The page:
It's easy to judge IT's general opinion of users who bring consumer technologies into the workplace by the most common names assigned to those folks: "rogue" or "shadow" users.
The assumption one can read into these terms is that they are sneaks who willfully circumvent IT, with no concern over how it might affect security or other broad corporate concerns.
ZDNet blogger Dion Hinchcliffe recently pointed out that because every company has "shadow" users, CIOs must decide whether they want to be seen as a good cop or a bad cop in how they respond to them.
First, however, maybe IT should analyze why users turn "rogue" in the first place.
It could be that they are a sign of a so-called computing generation gap. Having grown up using things like peer-to-peer technology, younger workers want to do so at the office as well as at home, says Capgemini.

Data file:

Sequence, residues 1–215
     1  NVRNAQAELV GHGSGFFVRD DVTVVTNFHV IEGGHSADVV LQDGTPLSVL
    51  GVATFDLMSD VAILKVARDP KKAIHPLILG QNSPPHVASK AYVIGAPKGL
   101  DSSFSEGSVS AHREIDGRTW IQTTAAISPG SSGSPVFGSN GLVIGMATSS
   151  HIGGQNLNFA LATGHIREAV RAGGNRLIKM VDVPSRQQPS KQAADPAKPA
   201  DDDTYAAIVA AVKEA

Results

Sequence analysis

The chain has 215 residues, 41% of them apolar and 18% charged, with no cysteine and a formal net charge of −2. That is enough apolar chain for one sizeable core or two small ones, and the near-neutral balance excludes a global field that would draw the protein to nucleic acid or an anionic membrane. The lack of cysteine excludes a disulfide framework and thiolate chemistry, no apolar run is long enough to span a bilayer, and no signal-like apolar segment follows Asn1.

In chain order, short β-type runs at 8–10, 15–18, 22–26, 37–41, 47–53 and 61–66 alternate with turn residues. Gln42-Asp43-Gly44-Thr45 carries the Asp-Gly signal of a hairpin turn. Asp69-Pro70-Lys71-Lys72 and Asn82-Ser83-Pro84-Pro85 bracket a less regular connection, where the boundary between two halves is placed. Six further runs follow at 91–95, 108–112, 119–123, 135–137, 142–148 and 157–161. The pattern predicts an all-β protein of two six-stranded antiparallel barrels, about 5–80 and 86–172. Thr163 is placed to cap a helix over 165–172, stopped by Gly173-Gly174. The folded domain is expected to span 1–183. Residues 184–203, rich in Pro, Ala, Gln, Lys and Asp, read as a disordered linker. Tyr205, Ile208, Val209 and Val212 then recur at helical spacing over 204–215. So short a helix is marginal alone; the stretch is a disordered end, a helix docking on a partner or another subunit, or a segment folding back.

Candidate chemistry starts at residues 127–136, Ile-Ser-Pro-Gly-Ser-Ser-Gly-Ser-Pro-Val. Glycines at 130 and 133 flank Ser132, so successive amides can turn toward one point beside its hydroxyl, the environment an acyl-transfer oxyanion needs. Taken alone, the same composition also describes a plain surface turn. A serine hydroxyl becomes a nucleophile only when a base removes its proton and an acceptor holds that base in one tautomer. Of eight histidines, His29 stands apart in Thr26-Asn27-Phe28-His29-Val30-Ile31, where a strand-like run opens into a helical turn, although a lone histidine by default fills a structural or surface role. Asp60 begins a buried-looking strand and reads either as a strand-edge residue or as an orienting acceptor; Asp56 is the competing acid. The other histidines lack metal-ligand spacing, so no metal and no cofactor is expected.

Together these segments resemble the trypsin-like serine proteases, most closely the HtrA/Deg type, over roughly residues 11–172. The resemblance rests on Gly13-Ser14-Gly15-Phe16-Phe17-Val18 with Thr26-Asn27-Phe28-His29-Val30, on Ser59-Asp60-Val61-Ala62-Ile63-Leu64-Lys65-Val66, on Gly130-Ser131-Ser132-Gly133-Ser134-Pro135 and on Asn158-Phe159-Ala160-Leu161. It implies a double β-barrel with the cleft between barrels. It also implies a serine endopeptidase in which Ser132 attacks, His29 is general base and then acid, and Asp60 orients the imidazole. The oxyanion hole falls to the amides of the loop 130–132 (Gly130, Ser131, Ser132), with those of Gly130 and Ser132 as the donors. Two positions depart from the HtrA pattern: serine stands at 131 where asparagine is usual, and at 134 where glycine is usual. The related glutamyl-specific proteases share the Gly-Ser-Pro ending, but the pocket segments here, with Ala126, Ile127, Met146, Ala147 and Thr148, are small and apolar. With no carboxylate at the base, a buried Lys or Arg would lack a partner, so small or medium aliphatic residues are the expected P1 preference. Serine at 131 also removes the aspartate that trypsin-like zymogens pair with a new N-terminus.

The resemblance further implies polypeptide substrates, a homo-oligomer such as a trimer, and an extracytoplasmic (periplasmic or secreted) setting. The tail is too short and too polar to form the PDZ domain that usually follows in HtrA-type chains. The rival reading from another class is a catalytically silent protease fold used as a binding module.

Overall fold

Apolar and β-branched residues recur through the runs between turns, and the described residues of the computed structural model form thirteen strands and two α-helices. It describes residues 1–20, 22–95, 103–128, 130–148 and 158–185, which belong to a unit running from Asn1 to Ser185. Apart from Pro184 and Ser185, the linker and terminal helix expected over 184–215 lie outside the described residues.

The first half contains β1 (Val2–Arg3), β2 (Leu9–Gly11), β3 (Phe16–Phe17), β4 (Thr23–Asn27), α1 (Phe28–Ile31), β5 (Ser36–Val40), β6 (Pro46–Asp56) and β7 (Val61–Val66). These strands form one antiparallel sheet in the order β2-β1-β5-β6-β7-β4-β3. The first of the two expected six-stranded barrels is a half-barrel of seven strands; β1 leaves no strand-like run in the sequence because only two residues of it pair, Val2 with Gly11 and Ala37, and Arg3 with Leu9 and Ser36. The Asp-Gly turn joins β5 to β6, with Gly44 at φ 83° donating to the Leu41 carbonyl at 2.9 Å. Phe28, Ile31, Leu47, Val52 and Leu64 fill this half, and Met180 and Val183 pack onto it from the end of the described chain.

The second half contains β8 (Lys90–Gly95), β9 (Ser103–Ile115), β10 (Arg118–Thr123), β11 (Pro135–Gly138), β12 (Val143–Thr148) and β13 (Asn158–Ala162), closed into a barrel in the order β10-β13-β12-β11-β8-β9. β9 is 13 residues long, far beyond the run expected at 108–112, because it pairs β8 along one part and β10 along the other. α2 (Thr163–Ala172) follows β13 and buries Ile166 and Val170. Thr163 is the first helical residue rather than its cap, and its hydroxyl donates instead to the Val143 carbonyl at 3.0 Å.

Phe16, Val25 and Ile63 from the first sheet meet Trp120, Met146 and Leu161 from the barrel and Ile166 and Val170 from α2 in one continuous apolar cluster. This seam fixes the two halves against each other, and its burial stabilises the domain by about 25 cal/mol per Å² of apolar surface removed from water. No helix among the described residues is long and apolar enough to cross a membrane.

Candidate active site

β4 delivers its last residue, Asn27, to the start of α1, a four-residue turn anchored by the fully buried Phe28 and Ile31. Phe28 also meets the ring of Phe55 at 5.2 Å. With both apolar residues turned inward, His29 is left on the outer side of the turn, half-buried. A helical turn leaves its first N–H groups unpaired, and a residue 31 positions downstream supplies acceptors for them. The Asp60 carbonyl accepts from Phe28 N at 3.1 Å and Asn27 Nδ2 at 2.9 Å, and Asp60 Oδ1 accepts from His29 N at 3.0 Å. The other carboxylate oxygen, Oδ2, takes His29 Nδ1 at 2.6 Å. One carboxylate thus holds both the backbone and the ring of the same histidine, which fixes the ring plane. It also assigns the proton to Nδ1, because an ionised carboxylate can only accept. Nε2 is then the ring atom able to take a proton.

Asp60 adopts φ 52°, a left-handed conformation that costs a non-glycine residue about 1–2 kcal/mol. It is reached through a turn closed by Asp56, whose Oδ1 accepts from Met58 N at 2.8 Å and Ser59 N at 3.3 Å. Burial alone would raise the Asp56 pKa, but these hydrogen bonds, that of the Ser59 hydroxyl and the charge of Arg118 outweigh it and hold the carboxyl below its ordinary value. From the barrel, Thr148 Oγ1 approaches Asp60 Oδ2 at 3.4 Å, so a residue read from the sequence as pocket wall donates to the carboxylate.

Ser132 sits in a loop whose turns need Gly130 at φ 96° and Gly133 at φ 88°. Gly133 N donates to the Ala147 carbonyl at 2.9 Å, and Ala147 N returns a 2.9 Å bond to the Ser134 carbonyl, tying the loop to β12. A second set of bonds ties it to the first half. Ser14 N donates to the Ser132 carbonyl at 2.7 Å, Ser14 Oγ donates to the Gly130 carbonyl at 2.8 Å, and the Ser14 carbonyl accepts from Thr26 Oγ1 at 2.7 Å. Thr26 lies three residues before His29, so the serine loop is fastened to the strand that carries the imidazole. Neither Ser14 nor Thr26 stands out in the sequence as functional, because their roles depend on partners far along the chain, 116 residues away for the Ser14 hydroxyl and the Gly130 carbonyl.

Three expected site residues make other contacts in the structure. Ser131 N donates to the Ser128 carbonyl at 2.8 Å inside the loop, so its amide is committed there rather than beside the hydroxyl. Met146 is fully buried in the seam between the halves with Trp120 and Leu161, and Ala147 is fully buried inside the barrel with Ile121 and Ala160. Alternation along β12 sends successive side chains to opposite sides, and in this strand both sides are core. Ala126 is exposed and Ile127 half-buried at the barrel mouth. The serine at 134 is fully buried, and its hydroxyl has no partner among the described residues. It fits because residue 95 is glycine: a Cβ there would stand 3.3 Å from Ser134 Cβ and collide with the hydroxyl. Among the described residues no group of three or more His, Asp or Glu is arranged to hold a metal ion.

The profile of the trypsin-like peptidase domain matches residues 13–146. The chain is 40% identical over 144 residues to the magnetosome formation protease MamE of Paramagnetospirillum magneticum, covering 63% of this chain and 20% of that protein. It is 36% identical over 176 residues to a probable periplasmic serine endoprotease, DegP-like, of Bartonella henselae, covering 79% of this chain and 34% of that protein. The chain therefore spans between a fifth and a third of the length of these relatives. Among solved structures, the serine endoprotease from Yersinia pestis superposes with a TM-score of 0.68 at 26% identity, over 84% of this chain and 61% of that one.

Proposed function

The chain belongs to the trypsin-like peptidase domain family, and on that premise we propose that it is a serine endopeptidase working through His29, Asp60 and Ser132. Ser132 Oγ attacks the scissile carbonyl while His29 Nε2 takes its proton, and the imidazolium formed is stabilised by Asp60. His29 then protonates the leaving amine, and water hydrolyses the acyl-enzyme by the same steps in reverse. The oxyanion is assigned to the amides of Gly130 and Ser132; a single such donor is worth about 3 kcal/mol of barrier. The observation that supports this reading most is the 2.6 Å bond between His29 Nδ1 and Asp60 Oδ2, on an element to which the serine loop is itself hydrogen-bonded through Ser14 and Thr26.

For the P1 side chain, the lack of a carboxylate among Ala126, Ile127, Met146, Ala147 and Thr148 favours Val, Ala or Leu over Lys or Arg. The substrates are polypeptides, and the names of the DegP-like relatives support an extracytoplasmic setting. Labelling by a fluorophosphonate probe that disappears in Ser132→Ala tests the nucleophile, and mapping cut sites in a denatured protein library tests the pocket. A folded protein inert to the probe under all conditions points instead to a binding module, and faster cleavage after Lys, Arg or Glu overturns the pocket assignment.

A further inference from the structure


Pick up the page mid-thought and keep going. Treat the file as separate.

Kids today, what are you going to do? Give them Google Gadgets and hope that makes them happy?
That's a cop-out, however, and doesn't acknowledge a fact that TechRepublic blogger Ramon Padilla makes in a recent post: IT creates -- or at least encourages -- rogues by not being responsive enough to their needs.
Padilla offers some advice that should go a long way toward smoothing relations between IT and the rogues: Give users a more active role in IT decision-making; execute on their good ideas; and implement IT service management frameworks such as ITIL or COBIT.
Good suggestions, all. But the first and most important step is for IT to admit it might be part of the problem.